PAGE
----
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Pro Tools 9 Essential Training with musician and producer David Franz demonstrates concepts and techniques necessary for recording, editing, mixing, and mastering in the industry-standard software for music and post-production. The course covers creating music with virtual instruments and plugins, editing with elastic audio for time and pitch manipulation, creating a musical score, and mixing with effects loops. Exercise files accompany the course.
Pro Tools has a dedicated MIDI and instrument track editing window called the MIDI Editor window. It's great for fine- tuning MIDI performance data. Fortunately, it shares a lot of common functionality with the regular Edit window. However, the MIDI Editor also offers up some unique features that you'll probably learn to love. Let's take a look at it. You can access the docked version by going down to this button down here, right at the bottom, near the left side, clicking on that, and it expands this whole window.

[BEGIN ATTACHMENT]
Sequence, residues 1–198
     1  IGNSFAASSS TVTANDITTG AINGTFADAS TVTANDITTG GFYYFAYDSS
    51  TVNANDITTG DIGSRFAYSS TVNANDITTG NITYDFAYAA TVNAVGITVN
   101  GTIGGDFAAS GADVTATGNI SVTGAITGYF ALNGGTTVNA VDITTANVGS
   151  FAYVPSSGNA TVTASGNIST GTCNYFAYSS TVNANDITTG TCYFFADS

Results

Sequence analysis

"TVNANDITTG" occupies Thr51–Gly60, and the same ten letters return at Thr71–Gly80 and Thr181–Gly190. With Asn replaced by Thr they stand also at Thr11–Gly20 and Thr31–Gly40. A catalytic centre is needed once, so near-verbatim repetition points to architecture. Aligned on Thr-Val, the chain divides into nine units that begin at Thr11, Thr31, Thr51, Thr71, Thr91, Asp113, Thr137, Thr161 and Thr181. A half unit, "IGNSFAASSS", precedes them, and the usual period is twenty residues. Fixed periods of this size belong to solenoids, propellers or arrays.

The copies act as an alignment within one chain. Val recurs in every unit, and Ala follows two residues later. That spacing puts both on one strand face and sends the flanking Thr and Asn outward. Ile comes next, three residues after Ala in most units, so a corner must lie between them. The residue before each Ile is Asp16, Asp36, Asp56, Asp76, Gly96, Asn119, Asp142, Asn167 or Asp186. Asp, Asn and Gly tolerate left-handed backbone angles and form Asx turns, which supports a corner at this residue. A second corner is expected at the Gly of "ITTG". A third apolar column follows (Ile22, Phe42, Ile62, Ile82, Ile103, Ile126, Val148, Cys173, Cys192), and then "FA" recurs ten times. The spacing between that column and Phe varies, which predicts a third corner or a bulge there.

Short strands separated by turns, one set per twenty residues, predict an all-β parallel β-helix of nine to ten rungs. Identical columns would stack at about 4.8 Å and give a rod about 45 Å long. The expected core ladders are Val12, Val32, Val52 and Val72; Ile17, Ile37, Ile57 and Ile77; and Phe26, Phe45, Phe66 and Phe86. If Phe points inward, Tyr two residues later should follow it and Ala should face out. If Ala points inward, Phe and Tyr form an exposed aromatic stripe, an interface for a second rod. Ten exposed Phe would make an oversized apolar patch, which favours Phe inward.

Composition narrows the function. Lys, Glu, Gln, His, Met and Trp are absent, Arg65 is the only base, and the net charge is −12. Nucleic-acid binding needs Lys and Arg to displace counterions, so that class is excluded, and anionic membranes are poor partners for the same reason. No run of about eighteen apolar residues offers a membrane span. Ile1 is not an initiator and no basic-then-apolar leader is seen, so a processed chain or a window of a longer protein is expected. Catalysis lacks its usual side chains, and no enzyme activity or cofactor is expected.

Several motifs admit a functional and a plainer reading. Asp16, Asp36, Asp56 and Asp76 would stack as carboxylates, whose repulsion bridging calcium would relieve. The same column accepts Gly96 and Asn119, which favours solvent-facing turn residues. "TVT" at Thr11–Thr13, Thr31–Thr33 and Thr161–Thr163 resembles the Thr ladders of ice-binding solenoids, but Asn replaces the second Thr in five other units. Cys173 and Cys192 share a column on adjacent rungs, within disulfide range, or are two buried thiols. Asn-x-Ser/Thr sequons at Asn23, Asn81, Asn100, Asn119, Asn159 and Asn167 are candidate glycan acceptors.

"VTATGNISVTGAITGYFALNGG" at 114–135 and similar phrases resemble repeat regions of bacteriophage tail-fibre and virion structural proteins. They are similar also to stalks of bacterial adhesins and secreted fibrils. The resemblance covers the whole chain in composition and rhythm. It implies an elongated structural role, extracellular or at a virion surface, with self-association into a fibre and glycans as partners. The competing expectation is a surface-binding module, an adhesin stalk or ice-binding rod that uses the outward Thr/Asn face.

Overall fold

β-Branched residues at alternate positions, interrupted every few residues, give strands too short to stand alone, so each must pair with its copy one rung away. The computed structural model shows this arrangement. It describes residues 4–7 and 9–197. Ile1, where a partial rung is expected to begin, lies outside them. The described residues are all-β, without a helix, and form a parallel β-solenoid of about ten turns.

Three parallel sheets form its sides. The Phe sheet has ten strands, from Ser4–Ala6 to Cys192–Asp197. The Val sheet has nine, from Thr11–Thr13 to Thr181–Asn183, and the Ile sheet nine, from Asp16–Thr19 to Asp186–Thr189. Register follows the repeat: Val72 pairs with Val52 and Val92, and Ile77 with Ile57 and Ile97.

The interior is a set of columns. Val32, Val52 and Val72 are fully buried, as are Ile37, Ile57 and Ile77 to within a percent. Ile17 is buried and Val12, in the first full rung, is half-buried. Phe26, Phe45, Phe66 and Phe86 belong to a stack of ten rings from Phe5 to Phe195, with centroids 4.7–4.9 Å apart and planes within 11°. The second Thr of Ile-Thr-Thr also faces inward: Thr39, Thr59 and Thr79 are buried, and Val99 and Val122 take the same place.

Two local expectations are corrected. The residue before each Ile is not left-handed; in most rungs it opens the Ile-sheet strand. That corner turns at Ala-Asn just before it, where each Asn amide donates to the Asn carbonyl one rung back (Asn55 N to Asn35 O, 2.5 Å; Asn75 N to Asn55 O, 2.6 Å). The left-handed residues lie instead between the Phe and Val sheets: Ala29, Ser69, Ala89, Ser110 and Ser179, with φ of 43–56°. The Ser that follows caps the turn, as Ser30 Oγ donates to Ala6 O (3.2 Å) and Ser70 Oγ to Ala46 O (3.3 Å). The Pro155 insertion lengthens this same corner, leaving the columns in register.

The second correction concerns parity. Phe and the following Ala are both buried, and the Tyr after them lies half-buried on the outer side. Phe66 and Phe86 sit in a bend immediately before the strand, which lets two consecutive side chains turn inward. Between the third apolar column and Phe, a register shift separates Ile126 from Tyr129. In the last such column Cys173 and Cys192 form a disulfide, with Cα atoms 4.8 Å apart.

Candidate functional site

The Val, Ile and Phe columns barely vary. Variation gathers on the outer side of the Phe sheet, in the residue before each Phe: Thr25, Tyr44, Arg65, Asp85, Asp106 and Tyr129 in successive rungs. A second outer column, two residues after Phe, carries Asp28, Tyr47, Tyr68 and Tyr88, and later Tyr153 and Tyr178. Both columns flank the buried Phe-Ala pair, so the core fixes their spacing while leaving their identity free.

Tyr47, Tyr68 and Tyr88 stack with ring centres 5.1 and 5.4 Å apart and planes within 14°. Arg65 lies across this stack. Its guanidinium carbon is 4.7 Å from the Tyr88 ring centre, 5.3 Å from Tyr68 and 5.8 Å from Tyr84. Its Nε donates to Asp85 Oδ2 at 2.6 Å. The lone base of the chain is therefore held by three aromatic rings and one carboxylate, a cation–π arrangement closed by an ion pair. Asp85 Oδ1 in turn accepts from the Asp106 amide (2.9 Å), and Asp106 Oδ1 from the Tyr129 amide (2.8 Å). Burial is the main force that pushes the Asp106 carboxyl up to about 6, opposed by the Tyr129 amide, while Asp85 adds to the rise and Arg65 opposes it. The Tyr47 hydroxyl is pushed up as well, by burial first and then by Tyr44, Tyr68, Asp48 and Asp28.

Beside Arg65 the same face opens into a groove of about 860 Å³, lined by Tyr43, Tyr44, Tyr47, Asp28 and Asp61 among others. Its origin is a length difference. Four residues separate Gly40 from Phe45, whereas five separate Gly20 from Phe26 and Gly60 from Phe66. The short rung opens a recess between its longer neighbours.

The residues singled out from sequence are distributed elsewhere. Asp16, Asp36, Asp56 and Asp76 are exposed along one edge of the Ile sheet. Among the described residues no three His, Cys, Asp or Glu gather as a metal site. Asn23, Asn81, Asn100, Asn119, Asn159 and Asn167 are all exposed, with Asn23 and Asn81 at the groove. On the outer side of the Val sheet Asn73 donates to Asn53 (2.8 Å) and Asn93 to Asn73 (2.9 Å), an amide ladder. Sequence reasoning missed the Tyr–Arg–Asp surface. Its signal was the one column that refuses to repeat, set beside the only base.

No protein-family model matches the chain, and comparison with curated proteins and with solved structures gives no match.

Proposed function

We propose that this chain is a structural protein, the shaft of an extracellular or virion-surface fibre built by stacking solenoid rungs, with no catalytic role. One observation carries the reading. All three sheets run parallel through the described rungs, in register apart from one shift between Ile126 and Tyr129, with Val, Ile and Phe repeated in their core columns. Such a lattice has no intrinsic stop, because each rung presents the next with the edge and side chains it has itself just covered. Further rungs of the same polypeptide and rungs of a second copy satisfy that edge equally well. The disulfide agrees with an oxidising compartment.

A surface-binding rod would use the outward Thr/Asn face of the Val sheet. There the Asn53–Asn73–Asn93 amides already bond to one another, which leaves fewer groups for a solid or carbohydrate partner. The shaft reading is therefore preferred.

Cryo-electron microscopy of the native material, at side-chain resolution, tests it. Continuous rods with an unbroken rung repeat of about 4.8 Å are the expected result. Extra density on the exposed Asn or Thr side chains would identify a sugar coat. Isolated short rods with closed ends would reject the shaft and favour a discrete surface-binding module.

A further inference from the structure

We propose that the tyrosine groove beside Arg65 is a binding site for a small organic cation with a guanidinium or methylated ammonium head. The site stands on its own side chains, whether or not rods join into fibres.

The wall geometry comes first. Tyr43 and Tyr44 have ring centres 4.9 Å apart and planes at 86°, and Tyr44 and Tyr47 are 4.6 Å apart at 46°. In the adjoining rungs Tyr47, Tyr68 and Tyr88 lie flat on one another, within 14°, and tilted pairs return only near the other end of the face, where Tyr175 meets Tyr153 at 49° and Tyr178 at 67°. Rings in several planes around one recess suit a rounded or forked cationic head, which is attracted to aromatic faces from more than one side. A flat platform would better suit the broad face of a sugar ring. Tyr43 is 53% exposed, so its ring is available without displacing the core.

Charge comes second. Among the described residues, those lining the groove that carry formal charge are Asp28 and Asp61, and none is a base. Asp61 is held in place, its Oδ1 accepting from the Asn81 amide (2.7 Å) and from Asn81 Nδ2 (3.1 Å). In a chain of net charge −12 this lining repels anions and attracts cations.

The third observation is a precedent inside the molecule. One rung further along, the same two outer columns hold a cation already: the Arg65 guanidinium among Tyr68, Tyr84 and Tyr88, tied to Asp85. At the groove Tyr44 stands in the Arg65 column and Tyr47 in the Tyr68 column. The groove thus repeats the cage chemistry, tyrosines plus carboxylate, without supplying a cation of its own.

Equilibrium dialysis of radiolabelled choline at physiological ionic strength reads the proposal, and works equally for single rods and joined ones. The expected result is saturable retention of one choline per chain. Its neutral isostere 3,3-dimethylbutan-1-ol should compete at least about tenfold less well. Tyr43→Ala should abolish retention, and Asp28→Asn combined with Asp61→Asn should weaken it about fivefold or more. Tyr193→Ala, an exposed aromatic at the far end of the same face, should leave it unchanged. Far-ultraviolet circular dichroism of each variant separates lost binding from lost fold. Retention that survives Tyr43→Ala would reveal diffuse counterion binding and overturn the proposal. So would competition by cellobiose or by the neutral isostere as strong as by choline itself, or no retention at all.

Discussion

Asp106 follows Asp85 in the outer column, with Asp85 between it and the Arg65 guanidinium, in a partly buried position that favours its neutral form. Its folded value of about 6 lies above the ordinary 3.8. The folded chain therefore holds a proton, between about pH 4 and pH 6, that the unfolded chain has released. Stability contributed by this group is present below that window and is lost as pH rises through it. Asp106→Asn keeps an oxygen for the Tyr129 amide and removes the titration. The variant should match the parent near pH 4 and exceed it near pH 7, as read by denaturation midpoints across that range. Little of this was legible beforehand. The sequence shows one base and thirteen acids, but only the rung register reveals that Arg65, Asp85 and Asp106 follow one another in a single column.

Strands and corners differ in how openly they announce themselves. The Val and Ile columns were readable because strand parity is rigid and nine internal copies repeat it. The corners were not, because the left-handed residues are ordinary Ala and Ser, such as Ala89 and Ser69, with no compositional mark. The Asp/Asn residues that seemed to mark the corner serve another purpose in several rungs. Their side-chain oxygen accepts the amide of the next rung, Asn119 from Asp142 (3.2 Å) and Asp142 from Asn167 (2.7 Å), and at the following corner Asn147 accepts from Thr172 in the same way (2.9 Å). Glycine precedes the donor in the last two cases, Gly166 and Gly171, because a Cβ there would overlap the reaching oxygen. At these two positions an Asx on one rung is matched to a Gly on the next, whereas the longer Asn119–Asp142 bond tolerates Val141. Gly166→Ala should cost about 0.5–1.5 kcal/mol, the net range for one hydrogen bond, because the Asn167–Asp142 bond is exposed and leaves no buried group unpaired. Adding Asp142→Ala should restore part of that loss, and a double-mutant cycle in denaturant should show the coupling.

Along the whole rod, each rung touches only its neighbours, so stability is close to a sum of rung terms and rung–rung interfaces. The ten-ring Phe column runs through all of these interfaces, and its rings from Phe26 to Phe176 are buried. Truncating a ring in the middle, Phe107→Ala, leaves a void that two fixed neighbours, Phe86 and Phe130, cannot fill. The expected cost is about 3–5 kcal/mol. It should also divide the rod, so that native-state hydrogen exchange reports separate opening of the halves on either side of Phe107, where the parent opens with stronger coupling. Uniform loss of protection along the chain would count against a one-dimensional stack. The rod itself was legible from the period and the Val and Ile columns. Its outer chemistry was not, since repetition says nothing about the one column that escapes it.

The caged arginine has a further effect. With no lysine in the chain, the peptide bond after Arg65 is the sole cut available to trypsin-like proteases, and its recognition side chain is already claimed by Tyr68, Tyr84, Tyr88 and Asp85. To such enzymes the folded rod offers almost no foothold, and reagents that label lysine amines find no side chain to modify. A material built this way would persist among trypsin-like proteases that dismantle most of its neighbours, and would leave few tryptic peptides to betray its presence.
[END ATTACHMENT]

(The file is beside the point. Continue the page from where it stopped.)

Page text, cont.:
This is the docked version of the MIDI Editor. To close it, you can go back to this downward arrow and click it. However, I want to open up a separate window for this. We can go to Window > MIDI Editor. This opens up the entire MIDI Editor window, and you'll see we have the fullscreen version here. Before I show you more about it, I want to talk to you about some other ways that we can open up the MIDI Editor. If we go to Setup > Preferences, and on the MIDI page, we can say Double-Clicking a MIDI Region Opens: the MIDI Editor.
So, if we were to double-click a MIDI region anywhere in Pro Tools, this MIDI Editor window will open up. You can also right-click a MIDI region to access the MIDI Editor. So let's talk about what's going on here in the toolbar. So we've got our Solo button, Mute button. We've got the Notation display enable, which if I click this you'll see instead of the piano roll, you'll see notes. So now you can see the actual music notation for this part.